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Children who grow up closer to nature are said to be happier, study says

A green upbringing can make children happier, and the environment healthier.

By: Parenting Desk | New Delhi |
Updated: February 29, 2020 6:36:54 pm
nature, children, happiness, study, indian express news The study researchers insist that parents and teachers encourage more children to get out and explore the wild. (Source: Getty/Thinkstock)

In this rapidly changing world, where climate talks are taking centrestage, children that are growing up feeling closer to the nature are said to be happier and more environment-conscious than those that are not, a study has revealed.

The study, conducted by a Mexican research team on nearly 300 children, has found a link between ecological awareness and happiness. Those children that feel more connected to nature are naturally more aware and conscious about sustainability, than those that suffer from ‘nature deficit disorder’. As such, the former group feels happier and more positive about bringing about a change, engaging in practices like recycling.

Children are believed to be the custodians of the future. What we leave out in the world today, is what they will take forward and utilise tomorrow. As such, it is important to feed them good ideas and keep them closer to the environment. The study researchers insist that parents and teachers encourage more children to get out and explore the wild, while thinking about ideas as to how to better protect the planet.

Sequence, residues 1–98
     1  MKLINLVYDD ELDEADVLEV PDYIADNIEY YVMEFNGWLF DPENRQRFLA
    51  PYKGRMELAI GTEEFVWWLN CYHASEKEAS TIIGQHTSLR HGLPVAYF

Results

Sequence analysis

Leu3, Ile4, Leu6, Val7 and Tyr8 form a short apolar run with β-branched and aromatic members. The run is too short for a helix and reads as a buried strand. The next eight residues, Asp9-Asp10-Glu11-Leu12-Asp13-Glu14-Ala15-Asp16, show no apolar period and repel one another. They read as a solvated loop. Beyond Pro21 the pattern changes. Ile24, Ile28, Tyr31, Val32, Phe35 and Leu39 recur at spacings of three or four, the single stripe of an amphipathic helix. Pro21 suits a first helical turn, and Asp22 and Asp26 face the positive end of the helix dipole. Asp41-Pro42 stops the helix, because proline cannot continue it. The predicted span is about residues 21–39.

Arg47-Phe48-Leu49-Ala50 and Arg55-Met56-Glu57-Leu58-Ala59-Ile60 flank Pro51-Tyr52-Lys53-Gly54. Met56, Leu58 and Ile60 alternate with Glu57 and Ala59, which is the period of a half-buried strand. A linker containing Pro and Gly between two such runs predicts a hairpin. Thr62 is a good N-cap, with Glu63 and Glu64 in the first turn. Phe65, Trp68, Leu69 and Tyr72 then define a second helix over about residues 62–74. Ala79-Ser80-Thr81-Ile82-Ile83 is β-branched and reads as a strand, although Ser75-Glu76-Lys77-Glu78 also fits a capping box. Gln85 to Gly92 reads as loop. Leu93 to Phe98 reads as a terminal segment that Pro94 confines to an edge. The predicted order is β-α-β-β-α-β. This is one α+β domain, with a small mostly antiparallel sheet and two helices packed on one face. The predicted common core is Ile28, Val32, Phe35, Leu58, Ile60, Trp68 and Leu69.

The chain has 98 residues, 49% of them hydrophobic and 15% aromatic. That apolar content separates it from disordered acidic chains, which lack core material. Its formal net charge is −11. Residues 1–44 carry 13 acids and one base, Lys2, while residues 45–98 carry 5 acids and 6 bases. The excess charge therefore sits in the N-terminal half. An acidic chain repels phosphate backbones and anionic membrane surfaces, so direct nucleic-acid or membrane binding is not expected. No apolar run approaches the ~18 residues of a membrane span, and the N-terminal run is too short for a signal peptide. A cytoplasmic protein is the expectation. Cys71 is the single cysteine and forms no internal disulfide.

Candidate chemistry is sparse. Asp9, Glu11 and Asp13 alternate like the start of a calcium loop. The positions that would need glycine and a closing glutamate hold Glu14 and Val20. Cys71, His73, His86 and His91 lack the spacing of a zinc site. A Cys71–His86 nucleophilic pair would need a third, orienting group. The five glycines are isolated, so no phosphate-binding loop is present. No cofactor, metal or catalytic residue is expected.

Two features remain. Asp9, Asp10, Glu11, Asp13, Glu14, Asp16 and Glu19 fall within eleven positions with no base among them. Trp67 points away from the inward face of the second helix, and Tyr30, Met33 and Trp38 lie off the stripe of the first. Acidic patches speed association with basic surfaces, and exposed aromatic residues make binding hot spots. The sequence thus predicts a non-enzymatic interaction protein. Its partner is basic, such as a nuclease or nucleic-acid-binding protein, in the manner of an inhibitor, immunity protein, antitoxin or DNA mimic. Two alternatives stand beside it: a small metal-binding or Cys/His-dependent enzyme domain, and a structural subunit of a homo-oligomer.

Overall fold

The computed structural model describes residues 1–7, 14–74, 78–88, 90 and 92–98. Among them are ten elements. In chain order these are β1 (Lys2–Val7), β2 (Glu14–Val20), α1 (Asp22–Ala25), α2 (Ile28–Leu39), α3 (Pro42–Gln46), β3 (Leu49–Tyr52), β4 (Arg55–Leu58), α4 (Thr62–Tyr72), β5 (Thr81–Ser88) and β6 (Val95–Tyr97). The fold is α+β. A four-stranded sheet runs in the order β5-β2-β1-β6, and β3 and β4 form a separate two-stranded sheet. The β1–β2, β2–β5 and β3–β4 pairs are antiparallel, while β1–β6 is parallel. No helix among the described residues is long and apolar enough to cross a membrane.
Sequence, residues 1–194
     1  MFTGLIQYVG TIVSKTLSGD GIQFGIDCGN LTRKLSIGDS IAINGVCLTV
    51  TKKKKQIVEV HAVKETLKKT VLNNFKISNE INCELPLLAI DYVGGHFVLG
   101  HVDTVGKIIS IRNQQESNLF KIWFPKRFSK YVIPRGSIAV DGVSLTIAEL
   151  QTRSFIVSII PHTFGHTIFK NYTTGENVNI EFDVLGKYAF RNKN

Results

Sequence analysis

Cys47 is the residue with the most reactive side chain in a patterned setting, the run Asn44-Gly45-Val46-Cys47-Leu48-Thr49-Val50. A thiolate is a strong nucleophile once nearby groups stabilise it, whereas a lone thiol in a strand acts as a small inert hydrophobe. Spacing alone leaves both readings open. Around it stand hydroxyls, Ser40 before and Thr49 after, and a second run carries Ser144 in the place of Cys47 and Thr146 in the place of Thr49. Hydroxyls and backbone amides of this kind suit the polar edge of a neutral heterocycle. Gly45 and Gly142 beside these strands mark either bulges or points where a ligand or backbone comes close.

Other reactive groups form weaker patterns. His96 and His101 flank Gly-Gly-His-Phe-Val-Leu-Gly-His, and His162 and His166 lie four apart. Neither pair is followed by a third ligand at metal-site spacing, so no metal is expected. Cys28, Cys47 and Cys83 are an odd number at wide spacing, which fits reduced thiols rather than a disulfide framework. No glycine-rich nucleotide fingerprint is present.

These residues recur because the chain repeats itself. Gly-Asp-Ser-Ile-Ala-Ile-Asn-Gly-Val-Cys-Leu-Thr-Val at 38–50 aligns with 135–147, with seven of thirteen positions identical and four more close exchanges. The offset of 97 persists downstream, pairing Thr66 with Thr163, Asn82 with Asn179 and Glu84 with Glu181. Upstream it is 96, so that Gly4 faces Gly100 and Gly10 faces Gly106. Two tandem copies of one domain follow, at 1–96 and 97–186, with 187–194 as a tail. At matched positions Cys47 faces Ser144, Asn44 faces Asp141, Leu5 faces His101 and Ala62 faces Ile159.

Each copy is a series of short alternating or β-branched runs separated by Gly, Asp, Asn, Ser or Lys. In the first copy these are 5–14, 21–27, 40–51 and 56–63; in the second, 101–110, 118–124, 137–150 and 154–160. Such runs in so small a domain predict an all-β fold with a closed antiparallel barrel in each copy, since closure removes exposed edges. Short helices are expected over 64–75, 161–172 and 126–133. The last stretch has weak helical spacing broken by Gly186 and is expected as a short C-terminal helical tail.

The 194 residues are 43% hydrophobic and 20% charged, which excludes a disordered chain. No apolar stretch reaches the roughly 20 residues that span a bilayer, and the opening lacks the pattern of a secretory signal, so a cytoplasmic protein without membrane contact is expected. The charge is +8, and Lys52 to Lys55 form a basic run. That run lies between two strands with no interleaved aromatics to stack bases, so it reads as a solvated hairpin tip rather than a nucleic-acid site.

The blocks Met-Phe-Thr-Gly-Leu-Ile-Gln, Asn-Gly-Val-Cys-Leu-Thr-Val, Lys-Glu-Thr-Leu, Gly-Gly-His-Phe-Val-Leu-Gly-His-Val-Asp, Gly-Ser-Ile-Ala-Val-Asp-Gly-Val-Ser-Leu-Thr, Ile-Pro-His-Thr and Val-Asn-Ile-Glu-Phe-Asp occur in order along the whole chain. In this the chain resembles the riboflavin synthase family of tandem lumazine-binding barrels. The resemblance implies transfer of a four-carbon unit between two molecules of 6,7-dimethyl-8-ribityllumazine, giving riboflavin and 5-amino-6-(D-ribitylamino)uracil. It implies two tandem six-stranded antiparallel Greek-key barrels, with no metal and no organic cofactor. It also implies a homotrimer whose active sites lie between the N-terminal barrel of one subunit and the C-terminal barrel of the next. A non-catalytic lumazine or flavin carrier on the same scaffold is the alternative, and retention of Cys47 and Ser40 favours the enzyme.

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The study also reveals that nature deficit disorder could lead to the destruction of the environment and the planet, because when children do not bond with nature and everything that it provides, they have no desire to protect it either.

For the study, published in the journal Frontiers in Psychology, the team surveyed children between the ages of nine and 12 in Mexico. The participants were given a scale to find their connection to nature and their happiness. It was found that those children that understood the environment better, were likely to indulge in protective measures like sustainable practices; they were also generally more positive and happy.

The study also reaffirms the fact that sustainable living paves way for ‘sustainable happiness’.

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